Associate Justice Thurgood Marshall has gone public with his grievances against the Supreme Court in a speech accusing his colleagues of giving "cavalier treatment" to some cases by issuing hasty summary opinions.

He is the fourth justice in the past month to speak out publicly about the Supreme Court's problems. The justices ordinarily confine their criticisms to formal published opinions and dissents.

Marshall's speech, delivered Thursday to the U.S. 2nd Circuit Judicial Conference and released yesterday by his office, attacked the increasingly common court practice of hurriedly issuing major opinions, unsigned and without the benefit of full oral or written arguments by the parties.

The most highly publicized of these per curiam opinions -- generally drafted and issued by conservative justices -- recently upheld a 40-year prison term given to a Virginia man for possession of nine ounces of marijuana.

The court also ruled summarily in 1979 when it upheld the government's punishment of ex-CIA agent Frank Snepp for writing the book "Decent Interval" in violation of an agency secrecy oath.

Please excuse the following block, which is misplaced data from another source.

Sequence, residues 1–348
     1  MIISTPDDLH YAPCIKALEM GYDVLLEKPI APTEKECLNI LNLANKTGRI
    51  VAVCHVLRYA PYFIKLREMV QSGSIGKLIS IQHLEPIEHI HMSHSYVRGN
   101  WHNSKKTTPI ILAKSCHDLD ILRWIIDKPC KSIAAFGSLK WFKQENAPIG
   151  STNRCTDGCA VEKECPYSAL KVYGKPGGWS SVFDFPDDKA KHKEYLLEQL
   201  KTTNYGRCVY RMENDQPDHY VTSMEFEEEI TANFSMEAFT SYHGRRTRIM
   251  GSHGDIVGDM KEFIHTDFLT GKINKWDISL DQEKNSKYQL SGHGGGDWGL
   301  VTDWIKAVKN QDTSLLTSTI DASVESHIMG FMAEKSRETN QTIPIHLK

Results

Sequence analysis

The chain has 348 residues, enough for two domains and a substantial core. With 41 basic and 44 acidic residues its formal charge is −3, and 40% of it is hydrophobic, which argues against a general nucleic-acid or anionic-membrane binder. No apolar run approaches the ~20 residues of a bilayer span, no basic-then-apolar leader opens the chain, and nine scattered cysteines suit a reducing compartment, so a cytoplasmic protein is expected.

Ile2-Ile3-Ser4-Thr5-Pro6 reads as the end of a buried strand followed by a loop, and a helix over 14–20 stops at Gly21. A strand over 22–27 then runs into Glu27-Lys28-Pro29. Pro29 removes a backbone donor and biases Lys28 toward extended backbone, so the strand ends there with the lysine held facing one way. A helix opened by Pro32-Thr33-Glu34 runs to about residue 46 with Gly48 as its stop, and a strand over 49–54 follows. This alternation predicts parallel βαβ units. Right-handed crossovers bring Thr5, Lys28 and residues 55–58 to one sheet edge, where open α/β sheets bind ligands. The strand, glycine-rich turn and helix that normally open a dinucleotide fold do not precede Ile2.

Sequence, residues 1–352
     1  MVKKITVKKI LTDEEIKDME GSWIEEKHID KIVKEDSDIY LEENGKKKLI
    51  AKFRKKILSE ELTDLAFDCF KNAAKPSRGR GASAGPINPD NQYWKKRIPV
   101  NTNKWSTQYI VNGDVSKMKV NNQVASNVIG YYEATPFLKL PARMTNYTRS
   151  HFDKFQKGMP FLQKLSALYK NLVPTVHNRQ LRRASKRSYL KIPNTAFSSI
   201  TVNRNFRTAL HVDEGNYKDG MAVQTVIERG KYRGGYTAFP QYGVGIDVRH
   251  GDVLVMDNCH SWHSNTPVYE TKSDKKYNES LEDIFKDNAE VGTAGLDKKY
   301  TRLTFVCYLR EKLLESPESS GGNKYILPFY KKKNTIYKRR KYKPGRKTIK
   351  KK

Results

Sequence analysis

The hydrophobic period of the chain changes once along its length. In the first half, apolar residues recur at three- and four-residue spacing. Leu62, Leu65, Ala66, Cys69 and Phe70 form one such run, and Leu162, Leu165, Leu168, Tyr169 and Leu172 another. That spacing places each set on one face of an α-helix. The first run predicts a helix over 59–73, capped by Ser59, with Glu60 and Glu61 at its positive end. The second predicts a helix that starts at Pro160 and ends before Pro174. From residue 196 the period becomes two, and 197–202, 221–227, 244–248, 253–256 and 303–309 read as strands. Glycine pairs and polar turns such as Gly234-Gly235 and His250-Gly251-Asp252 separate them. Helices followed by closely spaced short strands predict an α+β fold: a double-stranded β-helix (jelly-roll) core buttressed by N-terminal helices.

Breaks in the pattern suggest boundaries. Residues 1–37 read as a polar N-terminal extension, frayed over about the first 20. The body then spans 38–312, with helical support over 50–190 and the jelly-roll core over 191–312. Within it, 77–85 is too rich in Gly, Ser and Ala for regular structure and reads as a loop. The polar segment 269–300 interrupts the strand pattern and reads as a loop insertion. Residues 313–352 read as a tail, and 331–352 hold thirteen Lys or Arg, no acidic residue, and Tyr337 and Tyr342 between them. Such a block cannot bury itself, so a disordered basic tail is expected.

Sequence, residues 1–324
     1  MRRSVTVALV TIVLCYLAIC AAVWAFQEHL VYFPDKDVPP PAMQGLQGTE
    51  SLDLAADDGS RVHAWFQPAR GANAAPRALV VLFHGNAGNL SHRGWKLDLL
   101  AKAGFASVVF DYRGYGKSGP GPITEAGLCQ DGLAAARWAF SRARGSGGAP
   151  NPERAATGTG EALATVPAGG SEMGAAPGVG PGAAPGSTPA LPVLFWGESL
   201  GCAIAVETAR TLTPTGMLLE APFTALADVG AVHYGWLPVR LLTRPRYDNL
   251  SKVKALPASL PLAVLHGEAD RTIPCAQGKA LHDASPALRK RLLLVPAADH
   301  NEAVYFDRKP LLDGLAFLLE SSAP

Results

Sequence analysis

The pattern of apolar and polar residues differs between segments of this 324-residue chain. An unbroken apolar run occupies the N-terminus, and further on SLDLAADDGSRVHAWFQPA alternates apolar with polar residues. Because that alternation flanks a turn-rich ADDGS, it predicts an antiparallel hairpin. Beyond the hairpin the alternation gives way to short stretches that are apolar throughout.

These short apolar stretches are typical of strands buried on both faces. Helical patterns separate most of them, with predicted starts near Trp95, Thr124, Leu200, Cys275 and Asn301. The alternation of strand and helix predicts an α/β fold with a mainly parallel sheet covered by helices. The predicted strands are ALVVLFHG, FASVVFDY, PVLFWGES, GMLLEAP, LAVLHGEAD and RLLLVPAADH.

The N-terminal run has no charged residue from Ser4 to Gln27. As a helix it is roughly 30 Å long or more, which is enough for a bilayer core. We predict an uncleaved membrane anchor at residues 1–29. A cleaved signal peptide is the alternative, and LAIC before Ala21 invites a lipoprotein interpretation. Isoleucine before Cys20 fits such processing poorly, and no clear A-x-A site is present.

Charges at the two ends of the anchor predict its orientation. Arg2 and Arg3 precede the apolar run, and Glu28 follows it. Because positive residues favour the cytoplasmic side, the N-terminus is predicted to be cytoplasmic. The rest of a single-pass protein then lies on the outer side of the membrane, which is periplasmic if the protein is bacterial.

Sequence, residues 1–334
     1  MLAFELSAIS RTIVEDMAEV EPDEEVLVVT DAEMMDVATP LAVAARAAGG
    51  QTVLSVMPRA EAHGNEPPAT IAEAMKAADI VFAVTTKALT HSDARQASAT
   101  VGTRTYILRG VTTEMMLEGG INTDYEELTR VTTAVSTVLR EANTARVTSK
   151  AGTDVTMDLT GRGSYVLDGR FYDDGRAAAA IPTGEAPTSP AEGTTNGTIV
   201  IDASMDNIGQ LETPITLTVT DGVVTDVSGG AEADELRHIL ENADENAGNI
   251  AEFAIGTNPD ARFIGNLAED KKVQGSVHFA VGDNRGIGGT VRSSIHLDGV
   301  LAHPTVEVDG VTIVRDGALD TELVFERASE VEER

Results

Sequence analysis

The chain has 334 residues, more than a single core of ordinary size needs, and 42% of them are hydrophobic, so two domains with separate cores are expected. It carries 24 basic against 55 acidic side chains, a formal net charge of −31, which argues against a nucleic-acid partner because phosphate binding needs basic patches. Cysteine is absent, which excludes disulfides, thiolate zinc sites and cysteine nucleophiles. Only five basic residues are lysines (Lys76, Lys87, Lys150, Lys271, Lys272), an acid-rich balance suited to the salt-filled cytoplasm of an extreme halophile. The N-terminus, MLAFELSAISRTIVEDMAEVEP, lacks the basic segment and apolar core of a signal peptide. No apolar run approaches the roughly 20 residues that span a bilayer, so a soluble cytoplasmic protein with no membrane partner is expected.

Marshall said this "cursory treatment" creates a "potential for error and confusion," gives "short shrift" to important issues and is being used in a biased fashion to benefit government officials.

"In a disproportionate number of cases," the liberal justice said, "the court has employed the device to aid prosecutors, wardens and school board officials. Last term, for example, the court issued 16 per curiam opinions summarily reversing lower courts. Of these," he said, "13 involved prosecutors, wardens or school board officials. In all but one of these cases, the state prevailed.

" . . . I am disturbed by the all-too-often cavalier treatment of the parties involved in such cases," Marshall said.

Other justices and critics have blamed the increasing use of the time-saving summary opinions on the growing caseload of the court.

Marshall suggested that if they continue, the court should at least notify the parties and allow them to file briefs.

This opportunity "is the least we should demand before a decision is rendered by the court of last resort."

The debate over summary opinions has been going on for three years. Until now, it has taken place in dissents rather than speeches.